The 15th Century German miners who discovered nickel called the metal ‘Devil’s copper’, because they could not extract the more desirable red metal from the material.
Recently the nickel price has moved with Devilish volatility, with the London Metals Exchange suspending trading in early March after the activities of Chinese short sellers created unprecedented volatility.
But there’s nothing Devilish or undesirable about being exposed to nickel, which traditionally has been used in stainless steel but is now a crucial battery material alongside copper, lithium and graphite.
Having surged briefly to $US100,000 a tonne ($135,000/t) in early March on the back of the ‘short squeeze’, spot nickel has settled around $US34,000/t – more than double the price of a year ago.
The dynamics are simple: surging demand driven by electric vehicle (EV) production, coupled with constrained supply.
On the latter, Russia’s Norilsk supplies 10-13 per cent of the world’s nickel – but a greater proportion of the higher-grade battery material.
Norilsk is yet to be slapped with western sanctions after Russia’s invasion of the Ukraine. But the prospect of such bans exposed should maintain the pricing pressure, as well as the likelihood of self-sanctions on the part of nickel buyers, traders and shippers.
EVs aside, NickelX chief executive Matt Gauci notes that stainless steel still accounts for 70 per cent of stainless steel demand and this market is growing at 3 per cent per annum.
“There’s no problem with the market fundamentals,” he says, noting at current prices “the reasonable nickel sulphide projects become highly profitable and the great ones such as Nova-Bollinger prove to be the true cash cows that they are.”
Currently a $10 million market cap minnow, NickelX hopes to join the WA nickel big league with its acquired Cosmos South project, at the north-east end of the Fraser Range.
A classic ‘nearism’ play, Cosmos South is central to the nickel action that has seen Nova-Bollinger owner IGO Ltd bid $2 billion for WA nickel veteran Western Areas. The project is only 10 kilometres from IGO’s Cosmos operations and 20 clicks north of BHP’s world class Leinster project, on the prolific Wiluna Greenstone Belt.
In March NickelX shareholders approved the “inexpensive and non-dilutive” deal, which entails the vendors – a group of local prospectors – receiving $150,000 in NickelX shares after 12 months and another $150,000 after two years.
NickelX has committed to spending a minimum $500,000 over two years.
Gauci says only two shallow holes have been drilled on Cosmos South to date.
“We have four to eight planned deep drill holes into extraordinary strong electromagnetic [EM] conductors that extend from surface to 600 metres,” he says.
“We already have an exceptional database of EM surveys done by new (contractors) and are currently doing an aeromag survey to target the drilling.”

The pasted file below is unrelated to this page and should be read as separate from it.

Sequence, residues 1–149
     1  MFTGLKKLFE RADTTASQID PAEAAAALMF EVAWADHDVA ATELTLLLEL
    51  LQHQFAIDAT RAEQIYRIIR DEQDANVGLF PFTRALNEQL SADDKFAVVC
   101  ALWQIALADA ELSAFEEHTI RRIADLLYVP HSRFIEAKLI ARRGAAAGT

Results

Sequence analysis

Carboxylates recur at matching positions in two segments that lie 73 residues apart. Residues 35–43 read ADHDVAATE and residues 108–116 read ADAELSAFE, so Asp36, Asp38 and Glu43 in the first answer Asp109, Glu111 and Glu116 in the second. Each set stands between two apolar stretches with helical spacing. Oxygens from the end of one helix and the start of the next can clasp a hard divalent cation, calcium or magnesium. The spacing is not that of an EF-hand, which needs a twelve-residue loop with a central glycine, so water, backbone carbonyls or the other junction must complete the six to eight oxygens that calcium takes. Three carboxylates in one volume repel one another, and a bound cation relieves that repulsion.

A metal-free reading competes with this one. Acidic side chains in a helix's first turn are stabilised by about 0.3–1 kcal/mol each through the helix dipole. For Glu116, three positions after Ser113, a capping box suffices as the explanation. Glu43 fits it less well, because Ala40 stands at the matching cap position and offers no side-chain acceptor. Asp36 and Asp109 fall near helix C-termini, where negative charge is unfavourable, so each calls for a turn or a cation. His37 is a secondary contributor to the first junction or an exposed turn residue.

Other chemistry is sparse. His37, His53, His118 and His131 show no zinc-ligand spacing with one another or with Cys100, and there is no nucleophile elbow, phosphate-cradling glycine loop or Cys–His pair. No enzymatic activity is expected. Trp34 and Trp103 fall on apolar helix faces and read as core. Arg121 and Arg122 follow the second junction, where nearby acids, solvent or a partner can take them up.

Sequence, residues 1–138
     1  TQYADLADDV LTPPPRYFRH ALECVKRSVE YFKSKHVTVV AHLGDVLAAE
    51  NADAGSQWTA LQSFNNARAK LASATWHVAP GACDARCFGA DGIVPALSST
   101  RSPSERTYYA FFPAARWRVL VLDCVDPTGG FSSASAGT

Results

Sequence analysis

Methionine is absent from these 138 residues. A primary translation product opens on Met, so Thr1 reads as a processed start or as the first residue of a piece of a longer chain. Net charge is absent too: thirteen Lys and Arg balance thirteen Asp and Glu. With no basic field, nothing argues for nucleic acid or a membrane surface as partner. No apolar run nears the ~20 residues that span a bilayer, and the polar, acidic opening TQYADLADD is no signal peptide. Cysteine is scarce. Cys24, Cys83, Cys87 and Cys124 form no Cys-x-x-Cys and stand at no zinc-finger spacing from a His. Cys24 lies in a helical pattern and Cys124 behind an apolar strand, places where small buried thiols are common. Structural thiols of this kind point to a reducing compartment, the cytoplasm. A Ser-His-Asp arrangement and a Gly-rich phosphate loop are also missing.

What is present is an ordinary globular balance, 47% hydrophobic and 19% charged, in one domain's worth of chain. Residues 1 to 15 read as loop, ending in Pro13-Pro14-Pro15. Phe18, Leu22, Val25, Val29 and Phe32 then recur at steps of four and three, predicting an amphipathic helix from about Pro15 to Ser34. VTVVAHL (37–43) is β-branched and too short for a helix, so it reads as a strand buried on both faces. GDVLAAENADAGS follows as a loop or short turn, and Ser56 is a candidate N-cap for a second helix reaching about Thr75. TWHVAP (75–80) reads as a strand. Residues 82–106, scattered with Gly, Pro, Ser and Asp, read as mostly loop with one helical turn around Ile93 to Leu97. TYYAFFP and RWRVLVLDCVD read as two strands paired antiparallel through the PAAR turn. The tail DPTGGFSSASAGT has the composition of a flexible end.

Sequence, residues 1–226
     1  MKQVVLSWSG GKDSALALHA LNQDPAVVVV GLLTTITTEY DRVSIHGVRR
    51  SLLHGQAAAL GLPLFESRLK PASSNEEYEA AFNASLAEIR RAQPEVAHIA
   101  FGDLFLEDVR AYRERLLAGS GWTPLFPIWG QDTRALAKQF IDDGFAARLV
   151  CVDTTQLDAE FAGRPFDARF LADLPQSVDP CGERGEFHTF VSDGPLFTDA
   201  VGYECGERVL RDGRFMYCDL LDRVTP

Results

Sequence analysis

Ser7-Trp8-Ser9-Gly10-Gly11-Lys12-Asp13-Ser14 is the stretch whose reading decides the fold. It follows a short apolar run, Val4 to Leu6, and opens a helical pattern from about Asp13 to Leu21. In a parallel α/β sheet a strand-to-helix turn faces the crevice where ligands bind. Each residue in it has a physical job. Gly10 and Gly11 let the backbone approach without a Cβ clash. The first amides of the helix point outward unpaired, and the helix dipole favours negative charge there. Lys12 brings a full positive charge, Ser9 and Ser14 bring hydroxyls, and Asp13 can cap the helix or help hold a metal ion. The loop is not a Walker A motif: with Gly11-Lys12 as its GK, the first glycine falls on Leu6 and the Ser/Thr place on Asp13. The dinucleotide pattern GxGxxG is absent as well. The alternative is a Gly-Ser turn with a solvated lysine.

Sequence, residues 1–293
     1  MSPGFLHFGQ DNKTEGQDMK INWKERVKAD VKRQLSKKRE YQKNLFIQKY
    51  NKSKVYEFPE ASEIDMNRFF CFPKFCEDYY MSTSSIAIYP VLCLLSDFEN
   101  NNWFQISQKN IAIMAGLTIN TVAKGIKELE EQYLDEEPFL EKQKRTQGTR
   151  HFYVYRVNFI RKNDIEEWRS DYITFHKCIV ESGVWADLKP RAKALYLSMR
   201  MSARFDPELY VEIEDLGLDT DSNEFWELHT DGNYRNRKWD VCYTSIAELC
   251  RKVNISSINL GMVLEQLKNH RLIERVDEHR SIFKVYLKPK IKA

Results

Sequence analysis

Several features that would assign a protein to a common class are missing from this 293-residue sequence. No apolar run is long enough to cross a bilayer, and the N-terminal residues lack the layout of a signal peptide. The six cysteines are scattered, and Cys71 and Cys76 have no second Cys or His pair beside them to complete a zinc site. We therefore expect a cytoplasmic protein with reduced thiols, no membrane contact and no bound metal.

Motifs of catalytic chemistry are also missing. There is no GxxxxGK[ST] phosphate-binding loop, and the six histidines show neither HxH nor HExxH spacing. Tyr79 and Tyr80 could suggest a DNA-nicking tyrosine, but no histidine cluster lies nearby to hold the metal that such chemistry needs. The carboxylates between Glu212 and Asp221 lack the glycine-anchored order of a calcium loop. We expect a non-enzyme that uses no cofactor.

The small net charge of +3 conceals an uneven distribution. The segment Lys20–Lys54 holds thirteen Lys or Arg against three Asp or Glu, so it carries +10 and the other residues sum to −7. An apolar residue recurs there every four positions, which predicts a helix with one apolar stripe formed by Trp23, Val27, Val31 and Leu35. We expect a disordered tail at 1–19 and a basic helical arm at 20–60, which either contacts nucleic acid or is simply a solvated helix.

For NickelX, Cosmos South marks a fundamental strategic re-think. At the time of its IPO and ASX listing a year ago, the company was focused on its Biranup project acquired from VRX Silica (which remains the company’s biggest shareholder).
Located in classic nickel country, Biranup is also highly prospective for structural gold and is 10 kilometres along strike from Tropicana, one of the country’s best gold discoveries.
As per its prospectus, NickelX drilled eight diamond holes and carried out EM surveys to test key Biranup targets
“There were good EM results across massive sulphides, but the EM conductors at Cosmos South were two to three times the strength,” he says.
“So while we liked Biranup for nickel, it was more of a long game while Cosmos South could be a short game.”
Meanwhile, Biranup looks destined to be furthered as a gold project, given the results to date included a rock-chip sample at 590 grams per tonne.
“Because the gold prospectivity outranks the nickel prospectivity, it is likely to be turned into a gold project and possibly vended out to another party,” Gauci says.
“With inflation on the rise the gold price is also doing well and a couple of parties are already knocking on our door.”
With approximately $4.2 million in the bank, NickelX is in a strong position to fund Cosmos South, with $1 million of exploration spend earmarked over the next six months.
This work is also partly funded by the WA Government through its Exploration Incentive Scheme program.
Gauci says that investors should stay tuned for news on the geophysical data program, as well as the diamond drilling program and the outcome of discussions with potential partners who have neighbouring tenements.
He says some investors might question the company’s re-focus from Biranup, but maintains that shifting focus to Cosmos South and pure nickel was a well-considered move.
“We are project generators and explorers” he says.
“We know where, when and how to secure additional projects. But of course, if we hit economic mineralisation at Cosmos South, we would expect a significant re-rating given the prospectivity and world-class location.”